March 19, 2018 Print

Since 2012, the National Statistics Institute (INE) of the Guatemalan government has reported substantial inflation of grocery prices in the country. A new study by the Market Trends program at Universidad Francisco Marroquín (UFM) in Guatemala City finds that the INE’s statistics of grocery price increases were significantly flawed.

According to the INE, average food prices in Guatemala were rising by nearly 10 percent per year. By performing their own study of food prices and examining data from the Guatemalan Ministry of Agriculture, UFM Market Trends analysts found that the INE had overestimated annual food price increases by a large margin. INE reported a 25.7 percent increase in prices since 2011; in reality, food prices had increased by only 4.31 percent between 2005 and 2010, and had actually decreased slightly since 2011. An error was discovered in the equation used by INE to determine price increases which had led to the faulty reports.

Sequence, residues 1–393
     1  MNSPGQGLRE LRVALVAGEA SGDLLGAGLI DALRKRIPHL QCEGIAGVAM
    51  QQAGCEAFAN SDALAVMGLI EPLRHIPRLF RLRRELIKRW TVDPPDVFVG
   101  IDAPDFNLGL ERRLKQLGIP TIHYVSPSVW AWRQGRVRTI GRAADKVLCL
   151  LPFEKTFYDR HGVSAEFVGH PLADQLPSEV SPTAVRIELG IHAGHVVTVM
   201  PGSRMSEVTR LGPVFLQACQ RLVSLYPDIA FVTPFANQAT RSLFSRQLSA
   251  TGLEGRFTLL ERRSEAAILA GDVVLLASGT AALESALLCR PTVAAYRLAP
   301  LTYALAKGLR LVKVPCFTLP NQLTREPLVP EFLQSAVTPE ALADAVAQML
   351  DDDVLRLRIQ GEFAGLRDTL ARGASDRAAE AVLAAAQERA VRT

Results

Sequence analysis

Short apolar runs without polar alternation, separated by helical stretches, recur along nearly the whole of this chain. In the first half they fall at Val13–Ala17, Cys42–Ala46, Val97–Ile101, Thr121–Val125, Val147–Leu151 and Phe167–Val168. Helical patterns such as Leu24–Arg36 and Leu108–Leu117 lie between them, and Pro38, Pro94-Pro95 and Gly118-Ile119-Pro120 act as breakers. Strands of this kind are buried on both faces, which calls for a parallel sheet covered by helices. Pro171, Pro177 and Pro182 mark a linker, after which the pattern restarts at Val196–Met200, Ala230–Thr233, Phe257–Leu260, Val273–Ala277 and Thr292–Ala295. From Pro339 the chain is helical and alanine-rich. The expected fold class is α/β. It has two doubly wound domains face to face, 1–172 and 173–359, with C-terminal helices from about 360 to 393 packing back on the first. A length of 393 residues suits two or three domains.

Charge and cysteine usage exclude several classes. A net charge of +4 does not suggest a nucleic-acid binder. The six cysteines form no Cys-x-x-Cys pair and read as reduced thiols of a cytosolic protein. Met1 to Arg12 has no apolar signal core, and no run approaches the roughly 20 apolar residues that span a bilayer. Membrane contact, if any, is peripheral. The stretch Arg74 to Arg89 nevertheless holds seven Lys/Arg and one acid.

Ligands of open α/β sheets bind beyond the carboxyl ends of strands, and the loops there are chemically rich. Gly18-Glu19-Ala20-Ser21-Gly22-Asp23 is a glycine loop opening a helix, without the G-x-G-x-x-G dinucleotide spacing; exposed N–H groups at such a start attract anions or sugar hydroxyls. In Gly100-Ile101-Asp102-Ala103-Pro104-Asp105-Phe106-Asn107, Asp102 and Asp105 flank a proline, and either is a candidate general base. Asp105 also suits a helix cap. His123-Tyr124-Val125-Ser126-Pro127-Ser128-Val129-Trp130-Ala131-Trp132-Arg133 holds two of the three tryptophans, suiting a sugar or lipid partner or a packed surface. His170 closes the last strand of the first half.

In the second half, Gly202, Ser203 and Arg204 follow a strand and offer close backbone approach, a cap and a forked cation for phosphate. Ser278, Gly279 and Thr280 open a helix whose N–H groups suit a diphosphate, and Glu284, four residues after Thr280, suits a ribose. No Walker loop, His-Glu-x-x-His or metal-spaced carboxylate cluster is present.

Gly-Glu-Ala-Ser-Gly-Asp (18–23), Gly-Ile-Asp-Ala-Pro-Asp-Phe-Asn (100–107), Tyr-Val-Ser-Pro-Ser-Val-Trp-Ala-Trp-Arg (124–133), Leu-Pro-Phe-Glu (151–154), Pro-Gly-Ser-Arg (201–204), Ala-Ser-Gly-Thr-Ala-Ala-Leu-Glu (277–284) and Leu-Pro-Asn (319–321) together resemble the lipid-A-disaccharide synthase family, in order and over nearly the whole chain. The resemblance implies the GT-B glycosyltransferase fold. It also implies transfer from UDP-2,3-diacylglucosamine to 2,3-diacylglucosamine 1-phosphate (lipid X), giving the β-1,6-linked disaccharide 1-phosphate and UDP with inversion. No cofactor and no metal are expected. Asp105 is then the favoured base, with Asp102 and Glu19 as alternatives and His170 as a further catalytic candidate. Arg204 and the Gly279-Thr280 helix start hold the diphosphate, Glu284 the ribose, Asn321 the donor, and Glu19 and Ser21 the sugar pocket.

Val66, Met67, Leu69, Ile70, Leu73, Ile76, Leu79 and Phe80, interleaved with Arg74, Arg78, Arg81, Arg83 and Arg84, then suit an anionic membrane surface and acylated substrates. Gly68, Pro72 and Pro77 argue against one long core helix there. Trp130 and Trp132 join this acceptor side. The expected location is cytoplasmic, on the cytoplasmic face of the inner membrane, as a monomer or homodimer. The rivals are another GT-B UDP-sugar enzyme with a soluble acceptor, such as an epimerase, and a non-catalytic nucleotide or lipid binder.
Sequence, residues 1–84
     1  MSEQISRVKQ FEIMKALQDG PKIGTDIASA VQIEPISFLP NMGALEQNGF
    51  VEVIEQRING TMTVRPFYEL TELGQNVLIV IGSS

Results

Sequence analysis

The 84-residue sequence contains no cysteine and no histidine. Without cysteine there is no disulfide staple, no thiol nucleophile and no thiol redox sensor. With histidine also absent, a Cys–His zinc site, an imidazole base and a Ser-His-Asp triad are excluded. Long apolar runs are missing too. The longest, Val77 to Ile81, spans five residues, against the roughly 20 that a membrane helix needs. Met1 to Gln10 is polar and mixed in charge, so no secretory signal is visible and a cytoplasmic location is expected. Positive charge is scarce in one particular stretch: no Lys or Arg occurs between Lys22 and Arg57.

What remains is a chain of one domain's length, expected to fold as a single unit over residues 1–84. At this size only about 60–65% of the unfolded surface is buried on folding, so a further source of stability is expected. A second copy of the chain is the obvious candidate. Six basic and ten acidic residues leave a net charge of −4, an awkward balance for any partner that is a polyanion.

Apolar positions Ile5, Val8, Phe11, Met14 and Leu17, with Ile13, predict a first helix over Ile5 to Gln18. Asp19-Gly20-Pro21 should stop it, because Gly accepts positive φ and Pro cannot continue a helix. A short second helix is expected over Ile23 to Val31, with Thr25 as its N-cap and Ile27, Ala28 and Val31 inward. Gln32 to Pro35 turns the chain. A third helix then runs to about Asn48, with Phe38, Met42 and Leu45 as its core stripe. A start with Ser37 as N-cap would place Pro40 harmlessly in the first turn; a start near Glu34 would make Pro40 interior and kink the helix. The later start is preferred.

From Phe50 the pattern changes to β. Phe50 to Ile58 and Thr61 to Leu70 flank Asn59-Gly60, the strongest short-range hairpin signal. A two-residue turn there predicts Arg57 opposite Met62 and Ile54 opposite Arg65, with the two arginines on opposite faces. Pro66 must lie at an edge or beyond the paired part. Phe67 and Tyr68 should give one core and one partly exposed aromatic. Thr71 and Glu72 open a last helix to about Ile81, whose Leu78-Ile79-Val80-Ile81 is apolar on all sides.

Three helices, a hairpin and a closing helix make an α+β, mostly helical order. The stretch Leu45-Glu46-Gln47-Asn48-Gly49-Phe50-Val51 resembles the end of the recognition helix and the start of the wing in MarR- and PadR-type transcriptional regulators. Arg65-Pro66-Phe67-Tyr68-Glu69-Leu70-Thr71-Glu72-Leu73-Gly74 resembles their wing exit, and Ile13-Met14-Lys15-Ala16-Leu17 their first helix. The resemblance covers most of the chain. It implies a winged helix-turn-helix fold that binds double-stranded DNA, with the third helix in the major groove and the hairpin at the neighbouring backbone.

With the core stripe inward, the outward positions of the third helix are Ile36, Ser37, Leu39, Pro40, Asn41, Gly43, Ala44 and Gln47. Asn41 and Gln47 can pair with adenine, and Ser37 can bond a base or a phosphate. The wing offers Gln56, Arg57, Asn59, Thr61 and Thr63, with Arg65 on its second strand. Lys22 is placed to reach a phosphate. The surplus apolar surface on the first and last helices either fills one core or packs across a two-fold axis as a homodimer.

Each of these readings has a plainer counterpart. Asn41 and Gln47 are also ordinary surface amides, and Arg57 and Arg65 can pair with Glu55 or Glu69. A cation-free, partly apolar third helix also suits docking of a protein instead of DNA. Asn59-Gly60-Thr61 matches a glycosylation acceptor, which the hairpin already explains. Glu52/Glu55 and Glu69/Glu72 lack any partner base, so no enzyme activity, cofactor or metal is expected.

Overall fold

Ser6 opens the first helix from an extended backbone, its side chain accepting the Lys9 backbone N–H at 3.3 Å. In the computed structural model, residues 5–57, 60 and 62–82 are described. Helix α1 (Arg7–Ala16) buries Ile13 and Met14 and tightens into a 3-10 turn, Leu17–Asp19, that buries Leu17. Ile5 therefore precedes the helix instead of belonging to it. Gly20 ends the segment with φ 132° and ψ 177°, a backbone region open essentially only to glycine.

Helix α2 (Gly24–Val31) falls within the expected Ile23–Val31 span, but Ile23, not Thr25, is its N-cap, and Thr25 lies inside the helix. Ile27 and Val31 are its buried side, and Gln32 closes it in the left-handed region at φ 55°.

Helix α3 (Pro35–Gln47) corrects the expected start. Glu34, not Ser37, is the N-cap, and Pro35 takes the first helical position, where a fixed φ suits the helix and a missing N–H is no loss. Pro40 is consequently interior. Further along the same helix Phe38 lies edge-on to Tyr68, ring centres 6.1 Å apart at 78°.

“We demonstrated that INE´s statistics about poverty were overestimated,” said Dr. Daniel Fernandez, professor of economic sciences at UFM and director of Market Trends. “The official poverty statistics were hard to believe since Guatemala has not suffered a severe economic downturn since 1980s. The income levels are constantly increasing, so the poverty should be decreasing. However, taking in account that INE´s food prices were increasing at 10 percent per year, the income level should have to increase at least 10 percent per year to counterweight increases in prices (this was not the case). If we modified the poverty levels (not modified by INE when they admitted their error) we found that poverty was actually decreasing (following the trend in other Latin American countries). The truth is that Guatemala has the potential to decrease poverty much more rapidly and we are not exploiting this potential, but we are not the only country in Latin America with increasing poverty levels as FAO stated several times.”

Following the publication of the results by Market Trends, a number of widely circulated Guatemalan newspapers, including República, Prensa Libre, and El Periódico, wrote about the results, bringing UFM Market Trend’s findings into a national dialogue. Representatives from Market Trends have appeared on TV programs and radio interviews.

INE has since admitted to the error in its calculations. The results of Market Trends were presented before a commission of the Guatemalan Congress, where a bill is currently being debated to provide better oversight of the INE.